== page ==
These are just the highlights.  There’s actually quite a bit more.  In this case, the parts of the experience that happen outside the store are the primary determinants of the quality of the experience for the customer.  If a jewelry store were to focus on understanding and improving what happens in the store and/or online interactions, the best they’ll come up with is better sameness.  The opportunity for a creative jewelry chain is to leverage insight into those portions of the customers’ experience that are “below the surface.”  This provides insight that can help not only improve what happens at the “above the surface” touchpoints, but also provides insight into related services that address customers’ unarticulated or unmet needs at the non-touchpoints.

Your Company Doesn’t Have a Customer Experience; Only Your Customers Do!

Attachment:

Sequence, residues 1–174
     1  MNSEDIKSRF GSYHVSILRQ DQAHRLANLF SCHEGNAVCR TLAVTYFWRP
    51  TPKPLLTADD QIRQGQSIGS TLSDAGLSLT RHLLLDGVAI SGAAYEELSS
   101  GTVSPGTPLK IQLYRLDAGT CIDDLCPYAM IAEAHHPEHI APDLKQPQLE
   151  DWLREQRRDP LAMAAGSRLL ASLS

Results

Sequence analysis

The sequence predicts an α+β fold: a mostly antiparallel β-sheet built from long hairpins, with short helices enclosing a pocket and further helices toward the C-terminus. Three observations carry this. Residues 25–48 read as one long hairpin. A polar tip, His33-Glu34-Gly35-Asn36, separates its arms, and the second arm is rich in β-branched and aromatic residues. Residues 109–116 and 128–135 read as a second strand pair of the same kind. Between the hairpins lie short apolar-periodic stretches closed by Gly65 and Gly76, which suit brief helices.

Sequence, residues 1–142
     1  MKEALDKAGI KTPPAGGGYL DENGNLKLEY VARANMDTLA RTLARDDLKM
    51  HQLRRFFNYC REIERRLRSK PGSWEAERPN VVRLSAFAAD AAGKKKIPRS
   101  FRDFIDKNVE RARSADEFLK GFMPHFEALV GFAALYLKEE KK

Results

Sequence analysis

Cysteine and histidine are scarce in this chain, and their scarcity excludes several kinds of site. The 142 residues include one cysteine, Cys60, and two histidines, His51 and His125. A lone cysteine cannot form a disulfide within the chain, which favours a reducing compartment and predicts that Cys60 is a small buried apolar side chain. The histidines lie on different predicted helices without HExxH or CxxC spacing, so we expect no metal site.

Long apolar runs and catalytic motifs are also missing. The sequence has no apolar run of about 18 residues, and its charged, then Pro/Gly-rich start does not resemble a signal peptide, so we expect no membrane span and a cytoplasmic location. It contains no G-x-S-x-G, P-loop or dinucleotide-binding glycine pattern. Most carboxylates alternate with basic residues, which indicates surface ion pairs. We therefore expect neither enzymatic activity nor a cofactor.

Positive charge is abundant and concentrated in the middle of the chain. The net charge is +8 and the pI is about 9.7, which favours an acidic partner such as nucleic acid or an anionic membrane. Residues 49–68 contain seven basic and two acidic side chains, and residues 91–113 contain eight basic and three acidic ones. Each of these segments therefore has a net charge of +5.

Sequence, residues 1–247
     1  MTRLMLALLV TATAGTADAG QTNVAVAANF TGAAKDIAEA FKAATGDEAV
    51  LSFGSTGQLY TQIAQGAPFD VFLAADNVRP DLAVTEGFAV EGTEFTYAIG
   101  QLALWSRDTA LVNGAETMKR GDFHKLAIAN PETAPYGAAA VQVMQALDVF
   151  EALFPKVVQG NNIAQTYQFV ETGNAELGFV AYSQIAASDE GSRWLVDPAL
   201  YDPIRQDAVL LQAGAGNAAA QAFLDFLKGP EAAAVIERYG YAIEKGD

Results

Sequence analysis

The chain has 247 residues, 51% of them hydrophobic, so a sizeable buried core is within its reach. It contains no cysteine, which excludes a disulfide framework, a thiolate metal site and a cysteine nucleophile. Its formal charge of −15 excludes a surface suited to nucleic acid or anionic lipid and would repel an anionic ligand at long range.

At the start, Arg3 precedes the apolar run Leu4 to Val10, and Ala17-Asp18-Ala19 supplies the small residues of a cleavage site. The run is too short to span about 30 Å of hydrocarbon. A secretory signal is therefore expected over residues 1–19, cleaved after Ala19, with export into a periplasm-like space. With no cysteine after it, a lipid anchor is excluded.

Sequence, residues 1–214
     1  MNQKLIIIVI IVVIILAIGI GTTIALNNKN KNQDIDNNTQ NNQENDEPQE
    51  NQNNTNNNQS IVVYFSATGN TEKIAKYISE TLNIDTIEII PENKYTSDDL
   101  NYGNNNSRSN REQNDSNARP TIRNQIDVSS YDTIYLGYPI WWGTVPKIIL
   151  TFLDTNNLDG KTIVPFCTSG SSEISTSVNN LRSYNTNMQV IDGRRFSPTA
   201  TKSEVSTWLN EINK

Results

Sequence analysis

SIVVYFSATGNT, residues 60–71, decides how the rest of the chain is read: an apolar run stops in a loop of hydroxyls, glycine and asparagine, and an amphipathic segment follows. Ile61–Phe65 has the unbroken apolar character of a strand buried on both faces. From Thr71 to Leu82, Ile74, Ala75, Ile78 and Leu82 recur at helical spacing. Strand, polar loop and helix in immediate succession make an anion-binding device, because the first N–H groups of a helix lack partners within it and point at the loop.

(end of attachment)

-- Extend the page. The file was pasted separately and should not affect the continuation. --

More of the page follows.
Probably the best place to open up a dialog on the uncommon wisdom about customer experience is an observation that… the minute you start talking about “our company’s customer experience” you’ve taken a giant step in the wrong direction.

The fact is… your company doesn’t have a customer experience… only your customers do. 

These customers are trying to accomplish some set of goals that are important to them.  Some of their goals may be clear… some may be quite fuzzy.  In order to accomplish their goals, customers do things that make sense to them given their memories of past experiences and their beliefs about the current situation.  While they are doing those things, they react rationally and emotionally to what happens.  THEIR experience may or may not include interactions with your company.